Tuesday, June 19, 2012

"Good" Government

The litmus test for "good" government action is: Does this action violate anyone's individual rights in the name of privileges or manufactured rights? Yes? Then the government has planned a crime. Conspiracy charges anyone?
One simple truth that could be endlessly reiterated, and effectively applied to nine-tenths of the statist proposals now being put forward or enacted in such profusion, is that the government has nothing to give to anybody that it doesn't first take from somebody else. In other words, all its relief and subsidy schemes are merely ways of robbing Peter to support Paul.
from Henry Hazlitt's Man vs. The Welfare State
One of the key words in that passage is "robbing." Government is literally stealing your money to finance social engineering.

And that's just government's redistribution schemes. The government has invented rights like the right to live in a state that bans prostitution, or "protects" us form unlicensed physicians. Those manufactured rights violate the rights of others to do whatever they want to do, as long as that work or behavior does not harm another person.

And control of careers leads to another form of theft. Government steals opportunities from individuals, by outright banning potential jobs or by making the cost of entry too high for many to attempt. Tack on to that the testing and interview requirements for many occupational licenses that limit additional numbers of individuals able to enter occupations beyond any manufactured "safety" standards, after individuals have already invested in government-mandated training to enter those occupations.

Thursday, June 14, 2012

Your Bank is Bankrupt

I'm sorry to inform you of what you could figure out for yourself, if you put together the basic economics you were hopefully taught in high school.

There is a 99% chance that your bank is bankrupt. The same goes for any other deposit and lending institute you patronize. And if your bank existed before you were born, then it was bankrupt then, too. That is true because of the practice and policy of fractional-reserve lending.

For example, banks lend out ten-times what they have taken as deposits. So for every 1 dollar that a bank takes as a deposit, that bank lends out an additional 9 dollars. 

I'm not against fractional-reserve lending as a practice. It was done privately among Dutch (hopefully, I've got the nation right) goldsmiths, and they seemed to have done fine with the method.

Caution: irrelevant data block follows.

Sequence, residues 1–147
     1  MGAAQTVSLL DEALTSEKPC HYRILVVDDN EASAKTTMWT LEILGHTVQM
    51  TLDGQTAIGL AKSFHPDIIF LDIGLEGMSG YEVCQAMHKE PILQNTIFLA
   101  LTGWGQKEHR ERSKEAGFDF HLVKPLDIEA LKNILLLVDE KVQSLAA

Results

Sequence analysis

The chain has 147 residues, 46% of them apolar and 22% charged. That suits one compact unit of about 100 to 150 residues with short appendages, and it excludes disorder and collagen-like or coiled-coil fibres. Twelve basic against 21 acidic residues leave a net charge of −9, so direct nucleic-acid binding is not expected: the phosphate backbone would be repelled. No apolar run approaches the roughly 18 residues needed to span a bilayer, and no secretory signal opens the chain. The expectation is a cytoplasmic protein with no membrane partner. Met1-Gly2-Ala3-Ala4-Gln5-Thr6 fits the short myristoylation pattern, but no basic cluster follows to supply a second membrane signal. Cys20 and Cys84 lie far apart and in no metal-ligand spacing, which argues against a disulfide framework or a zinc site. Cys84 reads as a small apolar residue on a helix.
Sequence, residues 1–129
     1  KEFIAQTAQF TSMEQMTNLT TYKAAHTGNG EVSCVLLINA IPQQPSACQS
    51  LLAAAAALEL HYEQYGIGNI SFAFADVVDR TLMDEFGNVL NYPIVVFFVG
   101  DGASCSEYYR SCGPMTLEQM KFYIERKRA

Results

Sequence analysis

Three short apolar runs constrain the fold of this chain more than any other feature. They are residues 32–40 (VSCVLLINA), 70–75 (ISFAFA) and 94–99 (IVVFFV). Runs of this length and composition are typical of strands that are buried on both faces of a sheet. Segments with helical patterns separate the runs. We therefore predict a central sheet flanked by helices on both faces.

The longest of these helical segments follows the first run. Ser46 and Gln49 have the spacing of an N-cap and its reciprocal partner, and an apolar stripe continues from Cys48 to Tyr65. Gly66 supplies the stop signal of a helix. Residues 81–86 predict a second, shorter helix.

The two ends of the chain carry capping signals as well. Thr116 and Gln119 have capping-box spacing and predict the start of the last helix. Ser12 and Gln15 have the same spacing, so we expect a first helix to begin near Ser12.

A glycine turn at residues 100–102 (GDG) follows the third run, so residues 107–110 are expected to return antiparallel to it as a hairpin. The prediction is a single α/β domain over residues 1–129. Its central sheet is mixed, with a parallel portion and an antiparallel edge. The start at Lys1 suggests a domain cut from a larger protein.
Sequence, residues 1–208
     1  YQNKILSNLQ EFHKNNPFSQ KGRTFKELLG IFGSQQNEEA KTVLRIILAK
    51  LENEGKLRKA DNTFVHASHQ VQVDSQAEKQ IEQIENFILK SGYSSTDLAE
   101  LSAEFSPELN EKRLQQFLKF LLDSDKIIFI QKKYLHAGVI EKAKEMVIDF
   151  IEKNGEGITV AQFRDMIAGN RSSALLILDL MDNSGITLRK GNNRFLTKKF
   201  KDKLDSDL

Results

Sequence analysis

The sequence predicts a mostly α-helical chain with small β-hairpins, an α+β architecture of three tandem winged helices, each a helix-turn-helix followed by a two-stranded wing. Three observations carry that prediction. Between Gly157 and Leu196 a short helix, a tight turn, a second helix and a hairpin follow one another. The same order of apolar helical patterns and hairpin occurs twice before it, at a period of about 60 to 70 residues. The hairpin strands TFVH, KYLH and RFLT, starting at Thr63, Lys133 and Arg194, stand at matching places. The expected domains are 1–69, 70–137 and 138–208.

A goldsmith knew the risk that depositors might show up one day with receipts for more gold than the goldsmiths had on hand. Either the goldsmith had insurance, backing from other goldsmith to cover a shortage, or an escape plan. The depositors knew that they had to trust the goldsmith. Were the depositors wise to fractional-reserve lending? Maybe, not at first, but that was the risk of putting ones commodity in another's hands.

What does bother me is this: With government backing, banks are allowed to exist in a condition that is insolvent. Banks cannot even satisfy the return of deposits to 20% of their depositors (Of course, they could get maybe that much from the Fed, which they can turnaround and lend about 8-times that amount, once they satisfy "calls" on deposits. But the Fed might balk at 30%.). The Federal Deposit Insurance Corporation (FDIC) does "insure" each account for $100,000 (Oops, that was raised to $250,000 in 2008. Current depression - er, recession, er downturn, er collapse - fueling bank run fears?). But no private insurance company would take such risks of insuring businesses that are so close to failure.  A private insurance company would risk going bankrupt itself. 

No, only a government "corporation" with unlimited supplies of tax revenues and manufactured money could back such insolvency. And in the end, citizens of the United States - and the world - will pay, when inflation responds to all that extra money.


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